The cars (modified BMWs) were hailed through the Lyft app. Not the one on my phone, but one used by the team showing off the vehicles. Once it arrived in the staging area near the Las Vegas Convention Center, our driver drove it out of the parking lot on to the street and put it into autonomous mode with Caesars Palace as our destination.
During the trip, our car was cut off by two buses, a few cars and had to handle the sometimes erratic behavior of tourists mindlessly crossing the street. It handled all of this in a surprisingly calm fashion. There were no sudden and unnecessary brake maneuvers. Everything was as smooth as if a seasoned driver were behind the wheel. Certainly, it felt like an improvement over Aptiv's autonomous demo last year when the company was still called Delphi.
The specially equipped BMWs accomplished this by being outfitted with a ton of sensors. They each had nine LiDARs, 10 radars, a trifocal camera, vehicle-to-infrastructure data about stop lights and differential GPS (higher-quality GPS with increased location precision). Plus Aptiv mapped the roads around the destinations it was offering to riders.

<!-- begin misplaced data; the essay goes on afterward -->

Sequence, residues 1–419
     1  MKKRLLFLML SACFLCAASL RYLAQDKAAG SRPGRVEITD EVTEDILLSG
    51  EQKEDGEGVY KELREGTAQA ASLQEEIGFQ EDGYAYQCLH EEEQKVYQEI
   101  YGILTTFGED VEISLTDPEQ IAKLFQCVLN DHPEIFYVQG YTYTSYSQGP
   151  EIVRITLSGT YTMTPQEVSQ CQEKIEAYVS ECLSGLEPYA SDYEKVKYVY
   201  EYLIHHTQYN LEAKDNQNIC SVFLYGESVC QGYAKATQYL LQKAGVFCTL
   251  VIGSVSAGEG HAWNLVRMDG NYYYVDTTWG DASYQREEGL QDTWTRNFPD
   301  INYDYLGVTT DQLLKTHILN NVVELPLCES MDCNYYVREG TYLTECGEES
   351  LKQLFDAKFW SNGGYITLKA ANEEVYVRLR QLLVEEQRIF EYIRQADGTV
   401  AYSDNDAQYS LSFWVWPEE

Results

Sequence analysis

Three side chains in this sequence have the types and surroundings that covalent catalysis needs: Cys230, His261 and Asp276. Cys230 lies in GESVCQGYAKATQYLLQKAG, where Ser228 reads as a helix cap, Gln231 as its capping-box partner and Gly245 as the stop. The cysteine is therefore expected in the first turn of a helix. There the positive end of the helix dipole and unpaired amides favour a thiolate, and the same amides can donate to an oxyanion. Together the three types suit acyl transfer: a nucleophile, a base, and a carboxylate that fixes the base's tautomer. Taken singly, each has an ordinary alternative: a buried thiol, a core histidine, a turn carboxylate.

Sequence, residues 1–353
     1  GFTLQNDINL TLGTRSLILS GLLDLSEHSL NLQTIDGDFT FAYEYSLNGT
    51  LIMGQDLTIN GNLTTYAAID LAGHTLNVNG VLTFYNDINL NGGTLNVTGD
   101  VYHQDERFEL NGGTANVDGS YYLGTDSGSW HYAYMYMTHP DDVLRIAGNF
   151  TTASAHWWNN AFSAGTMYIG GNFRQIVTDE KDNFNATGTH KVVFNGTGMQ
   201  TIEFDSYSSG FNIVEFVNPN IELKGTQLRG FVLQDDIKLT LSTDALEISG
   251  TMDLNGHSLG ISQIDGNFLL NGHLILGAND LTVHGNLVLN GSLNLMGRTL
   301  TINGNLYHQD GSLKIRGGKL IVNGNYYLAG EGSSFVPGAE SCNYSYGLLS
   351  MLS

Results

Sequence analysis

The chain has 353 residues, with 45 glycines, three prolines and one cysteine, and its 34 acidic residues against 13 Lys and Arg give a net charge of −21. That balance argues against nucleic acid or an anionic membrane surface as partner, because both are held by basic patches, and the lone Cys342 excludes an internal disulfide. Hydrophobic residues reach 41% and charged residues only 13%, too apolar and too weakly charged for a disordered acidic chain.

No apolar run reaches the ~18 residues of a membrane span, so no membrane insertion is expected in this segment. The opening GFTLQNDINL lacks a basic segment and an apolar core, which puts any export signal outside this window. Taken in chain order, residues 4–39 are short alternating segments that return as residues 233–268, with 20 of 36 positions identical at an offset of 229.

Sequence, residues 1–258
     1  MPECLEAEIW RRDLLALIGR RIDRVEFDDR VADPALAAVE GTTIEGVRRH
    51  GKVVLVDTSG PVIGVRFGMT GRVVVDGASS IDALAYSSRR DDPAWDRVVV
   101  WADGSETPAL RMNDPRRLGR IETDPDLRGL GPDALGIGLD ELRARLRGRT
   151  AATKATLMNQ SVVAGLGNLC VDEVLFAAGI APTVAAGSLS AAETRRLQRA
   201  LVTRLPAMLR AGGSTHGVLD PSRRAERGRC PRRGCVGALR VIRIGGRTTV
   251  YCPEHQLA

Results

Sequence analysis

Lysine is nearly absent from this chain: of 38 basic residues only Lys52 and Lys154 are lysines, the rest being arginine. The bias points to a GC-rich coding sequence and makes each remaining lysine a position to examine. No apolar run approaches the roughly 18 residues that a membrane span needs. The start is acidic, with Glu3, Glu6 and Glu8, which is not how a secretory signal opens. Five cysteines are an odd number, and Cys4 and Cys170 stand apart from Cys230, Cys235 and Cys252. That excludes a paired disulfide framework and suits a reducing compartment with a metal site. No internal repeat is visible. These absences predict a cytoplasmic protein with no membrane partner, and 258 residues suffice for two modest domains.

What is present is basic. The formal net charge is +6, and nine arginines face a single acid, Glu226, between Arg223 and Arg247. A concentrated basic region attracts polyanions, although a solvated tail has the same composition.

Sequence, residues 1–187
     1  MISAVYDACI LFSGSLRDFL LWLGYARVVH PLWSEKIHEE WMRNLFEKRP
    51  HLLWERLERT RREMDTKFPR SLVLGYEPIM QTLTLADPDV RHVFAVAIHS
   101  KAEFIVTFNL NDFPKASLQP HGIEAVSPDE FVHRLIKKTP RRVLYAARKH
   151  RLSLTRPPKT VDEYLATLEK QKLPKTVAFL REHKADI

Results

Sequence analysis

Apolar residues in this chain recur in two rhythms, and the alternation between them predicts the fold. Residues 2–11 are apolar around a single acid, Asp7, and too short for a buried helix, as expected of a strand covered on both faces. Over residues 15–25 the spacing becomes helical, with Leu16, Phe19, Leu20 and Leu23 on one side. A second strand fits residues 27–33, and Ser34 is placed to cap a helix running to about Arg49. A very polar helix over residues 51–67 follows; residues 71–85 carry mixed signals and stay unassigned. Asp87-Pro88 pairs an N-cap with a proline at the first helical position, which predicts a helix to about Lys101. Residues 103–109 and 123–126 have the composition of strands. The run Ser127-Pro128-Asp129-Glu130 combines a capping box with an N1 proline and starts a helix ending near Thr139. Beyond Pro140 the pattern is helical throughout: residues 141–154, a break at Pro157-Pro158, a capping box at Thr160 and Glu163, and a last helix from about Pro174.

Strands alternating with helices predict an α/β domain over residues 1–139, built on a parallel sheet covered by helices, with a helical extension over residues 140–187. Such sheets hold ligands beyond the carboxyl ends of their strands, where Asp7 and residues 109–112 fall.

The result of all that tech is that while there were set destinations, the cars didn't have to stay on a set route. As long as a road had been mapped, the car should have no problem getting somewhere and back autonomously (not counting parking lots).
Even with multiple potentials for collision, the robot Lyft performed as well as a human driver in an environment that can be less than ideal. But it's still just another step towards autonomous ride-hailing services becoming widespread. Aptiv expects its Level 4 driving suite to be available to OEMs and other partners in 2019 and believes that at least one of its customers will have it on the road in 2020. Even then, the rollout will be slow as regulations are put in place.
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